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Explaining CoCos and their appealing returns

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Shilen Shah, Bond Strategist, IW&I writes on CoCos, or Contingent Capital Securities.

Shilen Shah, Bond Strategist, IW&I writes on CoCos, or Contingent Capital Securities. CoCos are bonds that are primarily issued by banks that can count as a bank’s core capital. When a bank’s capital falls below a certain predetermined level, these bonds either convert in to equity or are written down. Lloyds was the first bank to issue CoCos during the financial crisis in 2009, and many other banks have followed suit.
 
Since the end of the financial crisis, regulators have been increasing capital requirements for the banking sector, with the result that core capital ratios are now significantly higher in both the US and Europe.  Higher capital levels for banks mean that the likelihood of either conversion or a write down being triggered is now relatively remote, with the strongest banks being especially resilient. Returns from CoCos are now looking good. The current redemption yield of the CoCo index is around 6.3 per cent which is very attractive in a zero return world.
 
The returns for those investing in CoCos contrast to those experienced by bank equity holders, as the sector itself is facing structural pressures that could last for several years such as low and negative interest rates, flat yield curves and persistent misconduct fines. Bank CoCos do not need rising profits or increased dividend payments for their investment rationale to work.
 
Active investors in CoCos can achieve alpha through analysis of the individual characteristics of the bonds, such as the trigger ratios and overall capital position of the ban. For many investors, the CoCo sector is an alternative to bank equity as returns are heavily skewed towards coupon payments, rather than changes in bank equity valuations, which for a number of banks have been very volatile.  
 
Over the last twelve months, the CoCo market has also experienced volatility. There has been regulatory uncertainty around the Maximum Drawdown Amount which relates to triggers associated with distributions (rather than conversion or loss absorption), and the market has reacted as investors became concerned that they would be hit for unforeseen coupon suspensions. ECB clarification around this issue has, however, led to an increase in investor confidence and a rebound in the asset class since the first quarter of 2016.
 
Deutsche Bank had for many years been a poster child of the European banking sector, especially before the financial crisis. However in the post-financial crisis regulatory environment with a higher capital requirement and structural issues, it has come under pressure. Relative to its European peer group, it remains very dependent on investment banking and trading revenue which have come under pressure recently. This weak level of profitability combined with a high cost to income ratio has meant organic capital generation has been hampered. The most recent market shock, however, relates to conduct issues that occurred in relation to US mortgage backed securities, with the US Department of Justice indicating that it was seeking a settlement of USD14 billion as its first negotiating position. This is significantly higher than Deutsche Bank’s provisioning for conduct-related charges and has the potential to eat into the group’s capital, with the coupon payments on the group’s CoCo securities at risk of a temporary suspension. Given the high level of uncertainty in relation to the final settlement it is reminder that active stock selection remains critical for those investing in the CoCo sector.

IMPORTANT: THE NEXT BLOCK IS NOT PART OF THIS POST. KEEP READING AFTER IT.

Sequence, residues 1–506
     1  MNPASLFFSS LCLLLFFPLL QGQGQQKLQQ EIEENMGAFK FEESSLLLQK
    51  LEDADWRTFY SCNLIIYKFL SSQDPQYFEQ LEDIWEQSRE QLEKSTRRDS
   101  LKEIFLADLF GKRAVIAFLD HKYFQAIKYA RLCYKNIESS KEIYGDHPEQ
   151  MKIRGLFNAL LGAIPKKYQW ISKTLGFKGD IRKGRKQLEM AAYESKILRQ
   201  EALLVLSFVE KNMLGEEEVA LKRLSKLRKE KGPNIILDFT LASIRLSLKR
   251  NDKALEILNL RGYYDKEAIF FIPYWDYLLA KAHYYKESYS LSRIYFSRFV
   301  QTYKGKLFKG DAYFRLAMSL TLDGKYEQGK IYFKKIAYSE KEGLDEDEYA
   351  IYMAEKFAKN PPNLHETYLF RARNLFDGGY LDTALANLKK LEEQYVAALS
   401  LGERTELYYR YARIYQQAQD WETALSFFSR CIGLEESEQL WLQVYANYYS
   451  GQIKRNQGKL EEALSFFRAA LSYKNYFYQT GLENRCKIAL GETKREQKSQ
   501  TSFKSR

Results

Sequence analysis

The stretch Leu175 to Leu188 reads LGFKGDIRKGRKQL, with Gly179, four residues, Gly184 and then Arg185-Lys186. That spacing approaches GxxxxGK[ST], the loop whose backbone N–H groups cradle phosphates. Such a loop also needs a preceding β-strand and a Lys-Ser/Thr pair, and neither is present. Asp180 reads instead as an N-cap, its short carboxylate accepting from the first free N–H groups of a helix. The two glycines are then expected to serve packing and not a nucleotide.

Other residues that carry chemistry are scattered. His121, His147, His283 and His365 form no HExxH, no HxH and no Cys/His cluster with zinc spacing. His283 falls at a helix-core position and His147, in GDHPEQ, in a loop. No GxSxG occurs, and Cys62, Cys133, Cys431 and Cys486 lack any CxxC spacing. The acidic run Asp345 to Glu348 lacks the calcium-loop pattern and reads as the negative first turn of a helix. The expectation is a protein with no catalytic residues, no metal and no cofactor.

Over the last two years the CoCo index has a correlation of -0.06 with the BofAML EU Government Bond Index and +0.6 with the MSCI Europe and Europe Banks indices. In effect, this has meant that despite the asset class being nominally classified as fixed income, its return profile has generally been more sensitive to equity-risk rather than government bonds. However, one potential benefit of the above mentioned ECB clarification is that the asset class may over time become less correlated with equity-risk as investors focus on its underlying credit fundamentals. Given the potential for further investor disappointment with bank equity, the CoCo sector continues to look attractive given the yields on offer. We also believe that improvementsin banks’ capitalisations and regulatory clarity, combined with a relatively high income and lower volatility, makes CoCos an attractive investment in this low yield environment.
 
 

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